Anti-Piracy Spy Uploaded Illegal Content To UsenetAdded: Thursday, October 21st, 2010
Category: Recent Headlines Involving File Sharing > Ridiculous Criminal Trials
Tags:ET, p2p, Torrent, Piracy, Peer To Peer, Network, Hackers, Internet, BitTorrent, Google, utorrent, bitcomet, extratorrent, 2010, www.extrattorrent.com
The legal battle continues between FTD (Usenet community) and BREIN (Dutch anti-piracy outfit). FTD claims that BREIN had at least fifteen undercover investigators operating at FTD, camouflaging as ordinary users. Moreover, one of those users, who is supposedly a direct BREIN employee, even uploaded an illegal film to Usenet, posting its whereabouts on the website.
A few days ago Dutch anti-piracy outfit BREIN started its face-off with FTD in the court related to their copyright dispute. BREIN claims that FTD allows its users to illegally download various types of content, and even facilitates uploading. BREIN made such a conclusion on the basis of so called “spots” – the reports published by FTD users, indicating the places where content may be found on Usenet. Those spots, BREIN believes, were made by people who actually uploaded that content to Usenet, not innocent users that accidentally saw it there.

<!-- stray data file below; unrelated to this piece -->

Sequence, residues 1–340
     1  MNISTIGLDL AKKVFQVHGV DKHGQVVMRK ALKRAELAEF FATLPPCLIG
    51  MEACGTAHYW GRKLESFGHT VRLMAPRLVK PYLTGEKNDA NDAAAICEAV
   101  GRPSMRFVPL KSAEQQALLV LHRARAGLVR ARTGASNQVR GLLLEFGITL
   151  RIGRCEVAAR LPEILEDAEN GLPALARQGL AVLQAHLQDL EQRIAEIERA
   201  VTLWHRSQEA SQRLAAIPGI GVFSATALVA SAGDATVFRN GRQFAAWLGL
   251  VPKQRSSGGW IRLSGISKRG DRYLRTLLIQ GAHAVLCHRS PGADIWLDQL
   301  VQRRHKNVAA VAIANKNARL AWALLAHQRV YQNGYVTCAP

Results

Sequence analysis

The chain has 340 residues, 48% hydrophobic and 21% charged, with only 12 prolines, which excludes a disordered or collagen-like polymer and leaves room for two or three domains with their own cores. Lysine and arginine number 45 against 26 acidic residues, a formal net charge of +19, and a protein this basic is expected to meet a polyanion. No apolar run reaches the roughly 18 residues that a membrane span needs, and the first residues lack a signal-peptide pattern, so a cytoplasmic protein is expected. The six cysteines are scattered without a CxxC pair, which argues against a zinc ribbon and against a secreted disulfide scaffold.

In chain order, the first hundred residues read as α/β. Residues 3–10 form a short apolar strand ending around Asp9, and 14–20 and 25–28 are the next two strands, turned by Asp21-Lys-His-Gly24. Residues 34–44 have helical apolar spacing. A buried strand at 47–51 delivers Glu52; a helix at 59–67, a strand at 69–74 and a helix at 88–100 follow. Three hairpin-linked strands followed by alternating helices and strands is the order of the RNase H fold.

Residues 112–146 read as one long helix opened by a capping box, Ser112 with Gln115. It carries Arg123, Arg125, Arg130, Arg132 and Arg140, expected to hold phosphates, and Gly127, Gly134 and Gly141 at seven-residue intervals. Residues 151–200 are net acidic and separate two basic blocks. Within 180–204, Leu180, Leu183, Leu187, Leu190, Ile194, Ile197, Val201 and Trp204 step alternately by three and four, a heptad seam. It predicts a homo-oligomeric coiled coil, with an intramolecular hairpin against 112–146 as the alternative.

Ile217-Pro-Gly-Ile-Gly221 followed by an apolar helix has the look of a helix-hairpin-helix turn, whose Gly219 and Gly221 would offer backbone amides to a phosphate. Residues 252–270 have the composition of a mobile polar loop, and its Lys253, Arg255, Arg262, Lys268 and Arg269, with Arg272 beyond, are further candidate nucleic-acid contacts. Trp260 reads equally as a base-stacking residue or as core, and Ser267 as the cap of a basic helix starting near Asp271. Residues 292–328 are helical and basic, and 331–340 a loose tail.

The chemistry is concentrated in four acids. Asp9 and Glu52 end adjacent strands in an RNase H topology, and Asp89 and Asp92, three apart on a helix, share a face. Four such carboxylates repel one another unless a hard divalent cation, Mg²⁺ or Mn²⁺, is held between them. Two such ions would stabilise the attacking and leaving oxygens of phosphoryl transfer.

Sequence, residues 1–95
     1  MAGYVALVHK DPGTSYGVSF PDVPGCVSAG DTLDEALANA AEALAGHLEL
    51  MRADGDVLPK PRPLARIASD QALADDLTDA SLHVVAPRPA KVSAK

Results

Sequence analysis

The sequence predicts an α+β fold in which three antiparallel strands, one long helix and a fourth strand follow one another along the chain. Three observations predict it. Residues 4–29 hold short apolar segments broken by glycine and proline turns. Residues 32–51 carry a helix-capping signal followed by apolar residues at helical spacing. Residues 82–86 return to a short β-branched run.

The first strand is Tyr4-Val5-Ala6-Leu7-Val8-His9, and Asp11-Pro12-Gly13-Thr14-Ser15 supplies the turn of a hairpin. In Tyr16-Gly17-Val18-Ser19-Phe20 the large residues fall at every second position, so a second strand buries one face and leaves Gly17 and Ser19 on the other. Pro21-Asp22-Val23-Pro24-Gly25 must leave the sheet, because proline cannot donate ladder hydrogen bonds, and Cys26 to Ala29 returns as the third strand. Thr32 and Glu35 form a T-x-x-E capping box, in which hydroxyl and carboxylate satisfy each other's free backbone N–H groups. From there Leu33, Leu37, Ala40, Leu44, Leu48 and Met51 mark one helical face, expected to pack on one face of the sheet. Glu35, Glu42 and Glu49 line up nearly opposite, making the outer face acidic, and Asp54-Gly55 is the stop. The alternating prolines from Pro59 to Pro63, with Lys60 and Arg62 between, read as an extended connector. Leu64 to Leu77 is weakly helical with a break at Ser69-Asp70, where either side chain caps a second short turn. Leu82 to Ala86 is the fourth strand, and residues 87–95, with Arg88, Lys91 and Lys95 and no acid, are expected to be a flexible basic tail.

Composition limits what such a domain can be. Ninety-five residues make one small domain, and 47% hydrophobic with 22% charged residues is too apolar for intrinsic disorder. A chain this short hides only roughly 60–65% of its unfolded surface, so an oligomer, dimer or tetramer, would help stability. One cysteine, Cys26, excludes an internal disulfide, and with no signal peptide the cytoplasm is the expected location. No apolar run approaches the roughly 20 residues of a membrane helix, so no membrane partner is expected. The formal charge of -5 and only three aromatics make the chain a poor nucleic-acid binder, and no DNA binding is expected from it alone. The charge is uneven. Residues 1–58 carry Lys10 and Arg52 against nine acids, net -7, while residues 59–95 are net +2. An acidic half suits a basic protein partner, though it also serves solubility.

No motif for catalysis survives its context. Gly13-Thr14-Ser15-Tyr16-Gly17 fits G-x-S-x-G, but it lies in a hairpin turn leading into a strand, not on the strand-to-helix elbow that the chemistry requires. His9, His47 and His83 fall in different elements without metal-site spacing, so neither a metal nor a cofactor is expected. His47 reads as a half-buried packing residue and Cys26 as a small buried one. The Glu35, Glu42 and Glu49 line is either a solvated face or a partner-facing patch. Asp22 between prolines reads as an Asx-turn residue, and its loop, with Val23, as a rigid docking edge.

In its turn, FTD argued that it is a community for spotters, permitted to download legally under the national law and therefore should be able to legally point out the location of content on Usenet.
Although FTD earlier insisted that its users don’t upload content to Usenet, it now has some doubts about this assumption, because there seems to be some piracy originating from some special guests in its community, who appeared to work for (surprise) BREIN!
It was found out that the Dutch anti-piracy outfit had fifteen undercover investigators working anonymously inside FTD as any ordinary members. In his turn, BREIN’s boss Tim Kuik admitted those people were on the website, but only for observing the service.
Meanwhile, FTD’s attorney claims those people went a considerable step further. The representatives of the anti-piracy group actually posted a pirated film on Usenet in their effort to “spot” it and claim that such things happen on FTD.
All the dispute is centered around a particular spy operating under the username of NieZoekeNie. He was traced by FTD by IP address, which followed to an IP owned by BREIN.
As per website records, this user “spotted” a film on Usenet and reported it on FTD. At the same time the movie has been uploaded by a user with the very same nickname. BREIN, naturally, refuses to admit such actions of its employees. The court is expected to hand out a decision on the case in November.
Thanks to TorrentFreak for providing the source of the article
October 21th, 2010Posted by:
Thursday, October 21st, 2010No comments
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